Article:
One of my best friends is getting ready to have her first baby. Her little girl is due in less than four weeks and- you did hear girl, right? Because we have boys and I’m really excited to snuggle this darling!- and we’ve had several conversations about finding normal after having a baby.
Justin and I always say that it would be easier to bring home a fourth baby (and no, that’s not an announcement) than to go back and have the first one. Because normal leaves. All of a sudden there’s another person. A tiny, helpless, crying person lives in your home and it’s your job to figure out what they need and provide it. I don’t want to be the Negative Nellie about babies; I love babies. But they change life.
After each of my babies I worried that I would never find normal again. That I wouldn’t feel normal again. That the baby would never go to sleep at bedtime and let us have our normal evenings. That I wouldn’t be able to get everyone up and ready and out the door like normal. I think it’s a common fear, especially if you have friends who are honest with you about having children.
Sometimes normal leaves. I always feel like hyperventilating when it happens.
I don’t think that’s everyone’s reaction but I’m a routine-oriented person. Certain parts of my routine make me feel at home and while I’m not adverse to change I do have adverse reactions to it at the beginning. If you like your normal it can be scary to let it go.
It takes a while to find solid footing after adding a baby to your family. After transitioning through pregnancy, the stress that accompanies pregnancy for me, and birth and recovery, I finally start to feel like a person again. Oh, hey, there’s Lisa somewhere in there. It’s not that life goes back to the old normal; it’s that you find a new normal. After you do it for a while it becomes normal to have a tiny baby. After you do it for a while you find your footing in feeding this child and presenting both of you in public and wrapping your head around this identity of “mom” that you also wear now.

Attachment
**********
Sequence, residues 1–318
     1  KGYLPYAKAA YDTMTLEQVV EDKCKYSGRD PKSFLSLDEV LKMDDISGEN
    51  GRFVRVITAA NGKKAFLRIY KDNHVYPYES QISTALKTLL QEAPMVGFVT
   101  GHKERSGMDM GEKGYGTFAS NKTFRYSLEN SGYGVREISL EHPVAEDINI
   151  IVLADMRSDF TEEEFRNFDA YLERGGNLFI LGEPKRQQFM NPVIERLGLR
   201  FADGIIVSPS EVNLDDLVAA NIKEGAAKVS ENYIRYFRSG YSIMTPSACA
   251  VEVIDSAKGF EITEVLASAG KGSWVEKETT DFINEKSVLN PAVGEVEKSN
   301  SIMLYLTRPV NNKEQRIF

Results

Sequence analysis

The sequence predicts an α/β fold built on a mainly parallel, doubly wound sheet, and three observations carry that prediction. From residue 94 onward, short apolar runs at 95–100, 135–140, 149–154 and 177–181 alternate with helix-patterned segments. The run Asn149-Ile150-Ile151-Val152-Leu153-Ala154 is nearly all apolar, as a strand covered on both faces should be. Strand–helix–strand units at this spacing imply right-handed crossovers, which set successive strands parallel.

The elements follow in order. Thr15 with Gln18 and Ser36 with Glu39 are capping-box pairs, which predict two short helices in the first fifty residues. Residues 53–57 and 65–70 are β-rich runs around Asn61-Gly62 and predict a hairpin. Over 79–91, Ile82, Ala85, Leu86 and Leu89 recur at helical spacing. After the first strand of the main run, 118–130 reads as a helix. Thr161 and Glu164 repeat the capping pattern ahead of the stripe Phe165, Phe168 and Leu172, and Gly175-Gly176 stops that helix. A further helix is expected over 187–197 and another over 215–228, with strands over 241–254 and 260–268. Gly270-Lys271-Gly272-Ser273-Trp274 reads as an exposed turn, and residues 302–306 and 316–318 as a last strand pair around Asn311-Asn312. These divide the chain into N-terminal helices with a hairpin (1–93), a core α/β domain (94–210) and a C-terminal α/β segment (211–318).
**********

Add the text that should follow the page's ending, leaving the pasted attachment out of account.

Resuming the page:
It’s not just been having the babies for us. I always hesitate to compare Micah’s arrival to anyone having a baby. He almost died and spent a month in the NICU, receiving a rare disease diagnosis. That’s not your average story and obviously that affected our transition. But normal left, y’all.
Even what I thought was going to be normal about motherhood left. I was left holding pieces of a story that I didn’t expect wondering how they would all fit together, wondering how life would turn back into anything like what I had before.
It didn’t. It’s still a good life. But that transition took months because I didn’t know some of the things I know now about transitions, especially transitions that involve that many hormones. There’s a lot I would go back and do over about Micah’s first year of life.
What does help is to place new markers in your life. As soon as I get past week one or two with a new baby I start building back a routine. Oh, look, morning coffee. Hey, I always read a few pages of this book while I feed the baby before bed. This is when I call my mom, fold the load of baby clothes, go to lunch with a friend, push the stroller (and baby!) around the block.
I did this with babies two and three. I took a nap when I could (which gets vastly more complicated with multiple children), I wore comfortable clothes and didn’t worry about the scale- I grew a person. That needs to sink in. When things felt off (and I just love that vague description but that’s how it felt) I reminded myself that I was holding a three-week-old and things would settle back down. I put flowers on the kitchen table, walked outside in the sunshine, held adult conversations with my husband, tinkered around on the piano for a few minutes.
I built a life around this new routine and I mourned the old one occasionally. The life where I didn’t need to worry about feeding schedules and diaper blowouts. The life where we could go grab a waffle at midnight if the urge struck us. A life where I slept for more than two hours at a time. But I realized we were building something new.
Build back a new life, a new routine. You like to paint, decorate your house, cook? Do that once or twice a week while the baby naps. Ask a friend to keep the four-week-old and go eat Mexican with your husband. Sleep until the baby wakes up and wear that child while you play your favorite music and cook your favorite breakfast. Stay off Facebook- you do know that everyone else will be doing something that you can’t in this season of life, right? Don’t even go there.
Maybe it feels like what you had before was torn down. Don’t wait on it to come back. Build something new.